January 6, 2015

In the bleak midwinter...

New Year's Day began with the sad news of my aunt's passing.  Although she had been struggling with health issues for some time, and had recently been moved to hospice care, the news was still a shock.  Aunt Carol, affectionately know as TOB (tough old bird) by those that loved her, left us with enough happy memories and funny stories to shore us up when the grief threatens to catch hold.  She had planned her funeral down to the very last details, including instructions to the pastor to start the song over if we didn't sing with enough gusto!  So sing we did, with hearts full of love even if they were breaking just a little at her absence.

Aunt Carol on the left, my mother on the right
Carol was my dad's baby sister, and after my dad's passing she was a wonderful companion for my mother---they shared a passion for playing cards and treating themselves to McDonald's ice cream sundaes!  She was a dedicated nurse, and helped deliver countless babies in eastern South Dakota for many years.  She worked the night shift and would often stop by on her way to the hospital for a little night chat with my parents.  I always stood in awe of her amazing ability to pull whatever she needed from her sturdy work brassiere...a hankie, a pack of cigarettes, car keys...you name it, and out it came from its secret hiding place!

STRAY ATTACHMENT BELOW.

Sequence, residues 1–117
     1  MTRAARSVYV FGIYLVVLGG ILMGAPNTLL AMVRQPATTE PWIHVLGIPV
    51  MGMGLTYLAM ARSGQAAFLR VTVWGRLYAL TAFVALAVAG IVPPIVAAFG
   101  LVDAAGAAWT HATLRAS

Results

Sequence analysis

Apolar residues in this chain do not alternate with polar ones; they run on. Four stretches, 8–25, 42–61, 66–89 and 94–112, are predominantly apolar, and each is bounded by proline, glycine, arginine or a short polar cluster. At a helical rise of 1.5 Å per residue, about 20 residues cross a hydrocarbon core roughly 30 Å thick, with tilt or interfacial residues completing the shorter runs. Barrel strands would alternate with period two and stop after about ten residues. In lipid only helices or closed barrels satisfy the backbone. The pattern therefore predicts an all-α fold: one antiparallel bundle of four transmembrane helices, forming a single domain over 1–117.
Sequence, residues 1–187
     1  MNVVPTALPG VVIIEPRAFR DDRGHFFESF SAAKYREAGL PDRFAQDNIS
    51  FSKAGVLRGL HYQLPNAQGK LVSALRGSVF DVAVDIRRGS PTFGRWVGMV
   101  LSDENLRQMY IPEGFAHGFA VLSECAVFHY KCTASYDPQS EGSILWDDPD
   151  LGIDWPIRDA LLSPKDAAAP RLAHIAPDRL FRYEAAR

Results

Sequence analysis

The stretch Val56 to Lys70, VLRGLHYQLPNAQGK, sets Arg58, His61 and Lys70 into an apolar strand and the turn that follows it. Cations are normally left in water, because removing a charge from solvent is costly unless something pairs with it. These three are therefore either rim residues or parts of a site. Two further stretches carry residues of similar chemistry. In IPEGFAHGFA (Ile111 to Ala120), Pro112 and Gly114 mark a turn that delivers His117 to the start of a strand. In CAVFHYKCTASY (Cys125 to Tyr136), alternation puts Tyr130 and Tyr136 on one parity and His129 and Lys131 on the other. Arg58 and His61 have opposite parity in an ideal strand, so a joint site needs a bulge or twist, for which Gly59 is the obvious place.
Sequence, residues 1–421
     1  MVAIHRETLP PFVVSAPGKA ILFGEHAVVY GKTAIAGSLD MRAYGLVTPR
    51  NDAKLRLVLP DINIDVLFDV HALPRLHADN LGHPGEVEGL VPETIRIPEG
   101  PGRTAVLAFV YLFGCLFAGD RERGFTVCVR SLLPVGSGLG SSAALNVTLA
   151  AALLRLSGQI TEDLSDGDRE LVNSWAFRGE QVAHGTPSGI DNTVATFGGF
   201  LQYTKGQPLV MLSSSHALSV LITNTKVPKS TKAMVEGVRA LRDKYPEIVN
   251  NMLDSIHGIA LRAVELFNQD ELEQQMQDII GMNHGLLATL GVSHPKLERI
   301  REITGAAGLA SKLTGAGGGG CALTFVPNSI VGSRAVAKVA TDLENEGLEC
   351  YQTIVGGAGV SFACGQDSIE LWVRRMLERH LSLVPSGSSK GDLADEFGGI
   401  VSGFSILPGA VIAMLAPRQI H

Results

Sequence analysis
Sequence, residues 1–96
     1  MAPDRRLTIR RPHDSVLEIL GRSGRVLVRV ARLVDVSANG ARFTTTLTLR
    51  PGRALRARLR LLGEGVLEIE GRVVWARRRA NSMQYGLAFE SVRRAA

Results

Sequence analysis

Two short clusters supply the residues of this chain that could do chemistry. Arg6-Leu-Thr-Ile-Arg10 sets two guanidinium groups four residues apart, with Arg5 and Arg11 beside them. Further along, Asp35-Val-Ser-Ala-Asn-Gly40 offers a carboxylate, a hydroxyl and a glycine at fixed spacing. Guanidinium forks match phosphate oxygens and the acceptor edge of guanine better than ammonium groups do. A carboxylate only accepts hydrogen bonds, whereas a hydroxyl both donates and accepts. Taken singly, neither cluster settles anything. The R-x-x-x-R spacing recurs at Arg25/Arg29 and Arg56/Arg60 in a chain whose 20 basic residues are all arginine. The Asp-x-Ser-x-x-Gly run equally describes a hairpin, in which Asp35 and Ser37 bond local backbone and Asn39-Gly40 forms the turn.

My husband and I braved the frosty weather (and by frosty I mean unbelievably freezing cold) and made the trip back to South Dakota.  And while it was lovely to see so many relatives, it was hard to say goodbye, and also difficult to realize we are now one step closer to being the senior generation. We have very big shoes to fill.  We both realize how lucky we have been to have parents, aunts and uncles who cared--who were there for us--and lived their lives in such a way as to serve as remarkable role models for all of us who follow.